As amines are tetrahedral, they are chiral if they comprise three different substituents. Though, it is not possible to separate the enantiomers of a chiral amine as amines can easily go through pyramidal inversion - a process that inter converts the enantiomers. The inversion includes a change of hybridization in which the nitrogen becomes sp2 hybridized rather than sp3 hybridized.
Figure: Pyramidal inversion.
As a result, the molecule turns into planar and the lone pair of electrons takes place a p orbital. One time the hybridization reverts back to sp3, the molecule can either revert back to the original shape of it or invert.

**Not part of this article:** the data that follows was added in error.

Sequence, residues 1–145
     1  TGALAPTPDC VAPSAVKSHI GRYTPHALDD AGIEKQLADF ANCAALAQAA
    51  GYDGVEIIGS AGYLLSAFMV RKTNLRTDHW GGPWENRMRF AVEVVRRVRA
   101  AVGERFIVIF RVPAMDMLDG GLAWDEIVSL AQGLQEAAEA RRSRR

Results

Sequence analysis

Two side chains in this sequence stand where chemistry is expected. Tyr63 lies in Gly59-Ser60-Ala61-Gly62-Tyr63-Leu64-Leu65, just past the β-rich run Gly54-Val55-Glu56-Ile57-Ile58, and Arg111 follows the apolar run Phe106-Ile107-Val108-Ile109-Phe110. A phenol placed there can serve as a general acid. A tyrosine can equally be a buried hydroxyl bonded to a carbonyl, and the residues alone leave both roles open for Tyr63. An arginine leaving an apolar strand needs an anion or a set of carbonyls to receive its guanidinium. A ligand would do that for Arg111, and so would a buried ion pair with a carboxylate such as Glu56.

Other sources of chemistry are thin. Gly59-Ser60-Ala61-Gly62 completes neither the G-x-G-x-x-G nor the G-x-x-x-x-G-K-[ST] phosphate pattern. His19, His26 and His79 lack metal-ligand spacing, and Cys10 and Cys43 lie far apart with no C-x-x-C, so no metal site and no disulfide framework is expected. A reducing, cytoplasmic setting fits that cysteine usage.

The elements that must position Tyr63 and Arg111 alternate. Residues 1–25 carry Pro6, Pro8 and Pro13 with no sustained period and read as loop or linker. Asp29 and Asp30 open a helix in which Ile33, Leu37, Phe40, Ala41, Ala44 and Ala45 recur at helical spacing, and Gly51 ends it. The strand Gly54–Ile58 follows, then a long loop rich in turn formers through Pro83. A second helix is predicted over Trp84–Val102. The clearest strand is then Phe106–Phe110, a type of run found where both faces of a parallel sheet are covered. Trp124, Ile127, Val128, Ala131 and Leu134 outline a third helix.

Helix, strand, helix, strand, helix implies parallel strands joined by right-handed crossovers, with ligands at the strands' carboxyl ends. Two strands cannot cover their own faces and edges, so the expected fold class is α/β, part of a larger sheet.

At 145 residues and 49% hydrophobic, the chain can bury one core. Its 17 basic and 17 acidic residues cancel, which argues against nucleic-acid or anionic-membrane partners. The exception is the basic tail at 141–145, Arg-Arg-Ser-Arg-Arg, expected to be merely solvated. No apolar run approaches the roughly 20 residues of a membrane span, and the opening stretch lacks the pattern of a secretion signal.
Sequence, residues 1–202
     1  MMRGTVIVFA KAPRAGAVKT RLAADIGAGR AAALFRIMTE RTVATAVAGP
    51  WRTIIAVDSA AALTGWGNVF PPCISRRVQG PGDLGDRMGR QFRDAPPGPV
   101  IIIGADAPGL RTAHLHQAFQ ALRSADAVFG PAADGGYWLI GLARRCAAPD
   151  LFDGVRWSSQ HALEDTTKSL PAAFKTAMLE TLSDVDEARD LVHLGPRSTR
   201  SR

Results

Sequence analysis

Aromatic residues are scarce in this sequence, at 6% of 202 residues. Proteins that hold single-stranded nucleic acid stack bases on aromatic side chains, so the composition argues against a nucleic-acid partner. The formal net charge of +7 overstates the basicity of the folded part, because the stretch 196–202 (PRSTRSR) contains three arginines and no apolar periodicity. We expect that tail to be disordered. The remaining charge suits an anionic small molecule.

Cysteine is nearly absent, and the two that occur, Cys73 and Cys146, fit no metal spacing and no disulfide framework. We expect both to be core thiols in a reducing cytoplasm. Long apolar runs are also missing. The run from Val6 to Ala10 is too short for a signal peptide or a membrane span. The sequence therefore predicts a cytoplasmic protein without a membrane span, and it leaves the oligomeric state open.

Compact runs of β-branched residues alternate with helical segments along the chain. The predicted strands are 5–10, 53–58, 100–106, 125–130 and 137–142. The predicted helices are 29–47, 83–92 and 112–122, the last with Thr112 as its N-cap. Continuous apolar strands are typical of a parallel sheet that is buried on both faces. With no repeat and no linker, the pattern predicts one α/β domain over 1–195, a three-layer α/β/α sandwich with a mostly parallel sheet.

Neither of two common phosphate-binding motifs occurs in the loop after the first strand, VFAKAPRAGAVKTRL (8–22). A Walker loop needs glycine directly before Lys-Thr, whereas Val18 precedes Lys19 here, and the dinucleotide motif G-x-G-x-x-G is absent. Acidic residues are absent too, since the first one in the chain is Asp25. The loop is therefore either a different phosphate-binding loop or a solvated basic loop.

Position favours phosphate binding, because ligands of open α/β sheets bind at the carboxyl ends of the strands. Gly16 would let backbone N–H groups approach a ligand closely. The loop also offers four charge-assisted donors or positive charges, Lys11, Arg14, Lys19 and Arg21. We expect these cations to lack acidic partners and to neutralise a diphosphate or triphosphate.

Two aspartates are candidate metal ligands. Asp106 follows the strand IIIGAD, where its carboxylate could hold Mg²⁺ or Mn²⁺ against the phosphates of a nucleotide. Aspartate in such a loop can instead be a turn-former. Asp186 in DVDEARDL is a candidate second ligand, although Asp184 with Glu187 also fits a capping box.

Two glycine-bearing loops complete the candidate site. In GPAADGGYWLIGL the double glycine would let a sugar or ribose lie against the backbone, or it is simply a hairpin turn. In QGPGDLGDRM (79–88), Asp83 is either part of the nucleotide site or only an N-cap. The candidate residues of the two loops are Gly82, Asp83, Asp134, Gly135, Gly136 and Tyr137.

Even though the enantiomers of chiral amines cannot be separated, such types of amines can be alkylated to make quaternary ammonium salts in which the enantiomers can be separated. One time the lone pair of electrons is locked up in σ (sigma) bond, pyramidal inversion becomes not possible and the enantiomers can no longer interconvert.